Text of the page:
Confession: How I got (my piece of SaaS) Multi-Tenant


Original Post from 19.7.2019

As some of my followers may know, I am writing and providing a Job Board Software, on which I run since last weekend, 4 different Job Boards.


Today, I confess that I did not implement all details from the beginning

One of these boards, the Full Stack Developer Job Board I run since the end of February of this year, with the same piece of software. However, back then, the software was not multi-tenant at all. However, the plan that the underlying software has to be Multi-Tenant was always there.

Don’t know, what Multi-Tenant means and why it can be good? Good article

Now… Why I did not do it multi-tenant from the beginning….
Good question. The last decades I would do precisely that, and remembering some ex-projects, yeah, they started right there… and yeah… mostly then stuck right there…

Why I got stuck right there?

No, not because it’s impossible and I could not manage it… However, because doing a multi-tenant software add’s some levels of complexity to software, which should not be underestimated. Moreover, when you do a new Project as a Maker, you should not loos time to first do something multi-tenant, before you are sure that your product will find customers.

So that’s the reason why I started with adding multi-tenancy only the last 3 weeks.

Ok.. 3 week’s, working on it only in some very early morning hours and on weekends is not that much for this, but I must confess, that I was always thinking in it when I structured my models, objects, endpoints and even frontend services. Not precisely, how at the end I will implement it, but thinking about where it will be “plugged” later.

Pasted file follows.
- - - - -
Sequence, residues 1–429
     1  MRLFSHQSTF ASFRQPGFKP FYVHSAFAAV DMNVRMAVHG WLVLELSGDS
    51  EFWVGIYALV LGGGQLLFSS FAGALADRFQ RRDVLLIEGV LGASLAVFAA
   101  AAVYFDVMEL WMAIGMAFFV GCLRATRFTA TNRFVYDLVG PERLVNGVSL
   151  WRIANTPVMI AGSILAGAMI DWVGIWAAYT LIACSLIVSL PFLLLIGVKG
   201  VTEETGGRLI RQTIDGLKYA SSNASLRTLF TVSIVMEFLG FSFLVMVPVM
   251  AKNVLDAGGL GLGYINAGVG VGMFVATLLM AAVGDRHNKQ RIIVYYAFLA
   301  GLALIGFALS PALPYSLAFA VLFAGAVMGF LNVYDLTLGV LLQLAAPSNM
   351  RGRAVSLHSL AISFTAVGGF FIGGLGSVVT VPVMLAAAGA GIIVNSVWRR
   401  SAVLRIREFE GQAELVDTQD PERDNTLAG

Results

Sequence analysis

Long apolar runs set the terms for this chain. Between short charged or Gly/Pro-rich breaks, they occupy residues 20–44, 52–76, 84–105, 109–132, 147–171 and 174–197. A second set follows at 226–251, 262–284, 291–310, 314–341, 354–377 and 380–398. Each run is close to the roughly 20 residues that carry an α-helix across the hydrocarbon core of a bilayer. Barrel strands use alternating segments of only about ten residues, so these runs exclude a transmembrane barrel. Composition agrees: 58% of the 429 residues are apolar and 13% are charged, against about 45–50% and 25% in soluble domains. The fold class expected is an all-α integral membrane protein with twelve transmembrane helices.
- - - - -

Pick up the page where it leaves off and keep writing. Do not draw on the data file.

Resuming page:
So I could implement it +/- fast and today the Software is a SaaS, which can run on the same instance (simplified: 1 DB, 1 backend, 1 frontend piece of code) different job boards, where styling differs, content part differs, data is isolated but can also be shared between tenants and some logic, like filtering, skill-sets etc are configurable per tenant on instance level. I don’t have an SSO, but a user can have roles on 1-n tenants etc. The full instance with backend service, 2 http daemons, Redis, nsq, arangodb and frontend run in a Rancher 1.6 docker environment. I have the plan (also since the beginning) to move to Kubernetes based environment, but the same way… stay prepared for the move, but do it only, when there is a real need for it.

What I take from my own confession as learning:

When you start a new software project, think big, but act doing small steps

  • Identify the minimal architecture needed for the first iterations
  • Have the “plug-in” points in mind, to reach the big goal in the future, but
  • Don’t do over-engineering from the first moment.

The big picture may change during the time, so even defining a detailed scope makes not much sense IMHO, as this can change. A good point to act small and start early to get feedback from real customers on your first shipped versions of your product is, that you can adjust the big picture and the related scope before you implement a complex layer. But, as listed above. Having the big picture in mind from the beginning is important, to not close doors in architecture and to avoid “mission nearly impossible” kind of data migrations.

At the end the list of boards, which runs on Job Board Software :

If you are interested in a more technical post, how I implemented it, please comment, as if you have any other feedback ­čÖé


( interested in your own multi-tenant software – contact me through my Full-Stack Developer company)

About the author

Stefan W├╝thrich

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